Corporate climate disclosures becoming more common, but nature and water reporting lags

The disclosure platform has this week unveiled its latest annual corporate ‘A-Lists’, naming the businesses leading the way on disclosures related to emissions, forest impacts and water impacts.

A total of 346 companies made the climate change A-List, with CDP tracking a significant increase in both the quality and quantity of climate disclosures year-on-year.

On quality, it bears noting that CDP increased its climate A-List requirements this year. Firms must now provide full verification of the entirety of their Scope 1 (direct) and Scope 2 (power-related) emissions. Previously, verification was required for claims relating to 70% of Scope 1 and 2 emissions.

A comparatively small number of businesses made the Water Security A-List (101 firms) and fewer still the Forests A-List (30).

Only ten companies were included on all three lists – Beiersdorf, Danone, Kao Corporation, Kering, Klabin, Lenzing, L’Oreal, Mayr-Melnhof Karton Aktiengesellschaft, Philip Morris International (PMI) and Sekisui House. This cohort includes no British firms.

For inclusion on the Forests A-List, businesses must prove the traceability of their entire commodity supply chains globally for forest-risk products.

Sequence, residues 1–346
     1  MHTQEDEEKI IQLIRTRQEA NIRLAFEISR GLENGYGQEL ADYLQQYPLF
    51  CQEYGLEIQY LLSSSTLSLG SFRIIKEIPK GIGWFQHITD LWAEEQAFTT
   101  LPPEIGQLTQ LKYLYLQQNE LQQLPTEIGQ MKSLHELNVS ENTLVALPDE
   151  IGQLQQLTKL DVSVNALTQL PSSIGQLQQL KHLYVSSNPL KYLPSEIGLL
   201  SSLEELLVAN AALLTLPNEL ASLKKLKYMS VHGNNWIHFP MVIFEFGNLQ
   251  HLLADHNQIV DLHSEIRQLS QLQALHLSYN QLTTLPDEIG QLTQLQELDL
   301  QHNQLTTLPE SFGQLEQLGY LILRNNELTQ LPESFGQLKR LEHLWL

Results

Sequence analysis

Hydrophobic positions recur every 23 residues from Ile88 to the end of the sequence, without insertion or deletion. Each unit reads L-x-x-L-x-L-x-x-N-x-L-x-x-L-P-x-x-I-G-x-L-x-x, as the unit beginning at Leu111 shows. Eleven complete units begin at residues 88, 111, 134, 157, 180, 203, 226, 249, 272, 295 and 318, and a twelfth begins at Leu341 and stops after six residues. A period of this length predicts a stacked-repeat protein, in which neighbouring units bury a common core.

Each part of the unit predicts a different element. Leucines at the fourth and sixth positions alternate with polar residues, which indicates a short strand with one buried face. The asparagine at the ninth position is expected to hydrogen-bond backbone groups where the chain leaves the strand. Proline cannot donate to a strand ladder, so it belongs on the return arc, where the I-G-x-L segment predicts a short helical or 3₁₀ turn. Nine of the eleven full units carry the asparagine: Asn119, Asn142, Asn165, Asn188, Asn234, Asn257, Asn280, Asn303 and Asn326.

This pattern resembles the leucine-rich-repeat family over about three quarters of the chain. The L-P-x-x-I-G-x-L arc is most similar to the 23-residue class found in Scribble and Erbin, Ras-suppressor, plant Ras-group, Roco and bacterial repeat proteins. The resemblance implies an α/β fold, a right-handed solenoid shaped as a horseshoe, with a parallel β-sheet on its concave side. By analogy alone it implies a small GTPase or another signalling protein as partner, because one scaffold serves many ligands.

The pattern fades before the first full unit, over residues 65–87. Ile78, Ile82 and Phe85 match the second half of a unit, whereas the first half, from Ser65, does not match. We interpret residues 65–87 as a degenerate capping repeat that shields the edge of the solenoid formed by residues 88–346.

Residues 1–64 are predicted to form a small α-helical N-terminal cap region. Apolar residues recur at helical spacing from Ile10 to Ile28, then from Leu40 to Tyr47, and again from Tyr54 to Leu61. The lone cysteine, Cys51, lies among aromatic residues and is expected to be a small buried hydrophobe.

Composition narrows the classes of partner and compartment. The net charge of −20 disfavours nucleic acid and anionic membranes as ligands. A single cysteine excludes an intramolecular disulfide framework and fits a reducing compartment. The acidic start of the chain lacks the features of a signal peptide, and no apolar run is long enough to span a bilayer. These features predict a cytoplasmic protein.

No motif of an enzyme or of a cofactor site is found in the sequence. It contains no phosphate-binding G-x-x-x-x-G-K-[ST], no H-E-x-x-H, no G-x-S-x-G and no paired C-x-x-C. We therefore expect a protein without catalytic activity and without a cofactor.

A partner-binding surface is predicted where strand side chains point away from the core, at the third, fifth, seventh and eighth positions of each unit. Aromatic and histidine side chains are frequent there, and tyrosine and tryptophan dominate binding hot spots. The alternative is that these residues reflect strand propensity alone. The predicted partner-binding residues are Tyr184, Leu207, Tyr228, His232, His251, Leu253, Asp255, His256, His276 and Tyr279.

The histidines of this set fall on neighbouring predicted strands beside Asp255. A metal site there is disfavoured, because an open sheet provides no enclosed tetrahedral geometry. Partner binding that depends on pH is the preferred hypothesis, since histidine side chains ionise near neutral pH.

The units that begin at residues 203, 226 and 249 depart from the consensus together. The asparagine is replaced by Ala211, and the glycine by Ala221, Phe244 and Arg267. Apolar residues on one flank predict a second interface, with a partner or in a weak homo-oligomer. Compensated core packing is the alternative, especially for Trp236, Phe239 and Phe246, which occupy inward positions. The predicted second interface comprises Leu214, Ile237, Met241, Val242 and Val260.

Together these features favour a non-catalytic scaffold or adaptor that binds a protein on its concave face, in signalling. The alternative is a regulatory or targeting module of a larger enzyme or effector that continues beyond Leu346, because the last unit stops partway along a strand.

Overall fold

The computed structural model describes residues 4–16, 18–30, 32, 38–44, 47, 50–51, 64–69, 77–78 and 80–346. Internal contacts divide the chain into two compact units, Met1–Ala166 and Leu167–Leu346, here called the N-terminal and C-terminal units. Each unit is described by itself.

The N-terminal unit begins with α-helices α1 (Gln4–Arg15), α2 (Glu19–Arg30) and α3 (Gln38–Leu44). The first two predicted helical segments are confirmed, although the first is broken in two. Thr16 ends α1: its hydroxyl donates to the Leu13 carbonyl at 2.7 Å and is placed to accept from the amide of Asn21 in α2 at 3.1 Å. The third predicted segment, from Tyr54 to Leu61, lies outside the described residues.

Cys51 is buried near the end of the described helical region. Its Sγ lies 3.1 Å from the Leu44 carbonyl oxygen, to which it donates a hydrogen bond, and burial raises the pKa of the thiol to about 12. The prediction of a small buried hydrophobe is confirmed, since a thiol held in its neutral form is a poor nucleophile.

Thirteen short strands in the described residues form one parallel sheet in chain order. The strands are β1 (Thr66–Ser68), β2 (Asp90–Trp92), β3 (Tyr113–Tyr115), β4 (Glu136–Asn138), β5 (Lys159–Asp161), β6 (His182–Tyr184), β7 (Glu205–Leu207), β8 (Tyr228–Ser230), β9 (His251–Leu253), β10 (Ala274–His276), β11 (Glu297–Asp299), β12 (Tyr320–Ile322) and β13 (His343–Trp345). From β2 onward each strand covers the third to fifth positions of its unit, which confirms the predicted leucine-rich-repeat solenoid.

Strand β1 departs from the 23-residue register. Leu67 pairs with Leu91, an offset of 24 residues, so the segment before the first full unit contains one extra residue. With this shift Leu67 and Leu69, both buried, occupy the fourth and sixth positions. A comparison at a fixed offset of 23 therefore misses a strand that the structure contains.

Water Security A-Listers are required to demonstrate comprehensive water accounting and provide evidence that all workers have access to water, sanitation and hygiene services (WASH). For context, the UN estimates that 3.5 billion people – almost half the global population – lack access to safely managed sanitation.

Quality and quantity

CDP has long tracked a discrepancy between the quantity of corporate climate disclosures compared to disclosures on forests and water.

In 2023, CDP tracked a 24% year-on-year increase in the number of companies disclosing on at least one of these three issues, to around 21,000. Most are only disclosing on climate.

CDP has also highlighted work ahead to improve disclosure quality. Most businesses, it said in a statement, are “still not reporting at the level needed for tracking progress, achieving targets and avoiding greenwashing”. The statement added: “Companies providing the highest quality environmental data remain a small minority.”

In an effort to close this disclosure gap, CDP has been convening investors to call on large businesses not yet providing disclosures to start this process. Those already disclosing have also increasingly faced pressure from these stakeholders, plus major buyers, to make their data more robust and comprehensive.

The number of companies requested to disclose against all environmental issues in 2023 almost tripled at 2022 levels. CDP has found that companies are  2.3 times more likely to respond when directly engaged by financial institutions compared to a control group.

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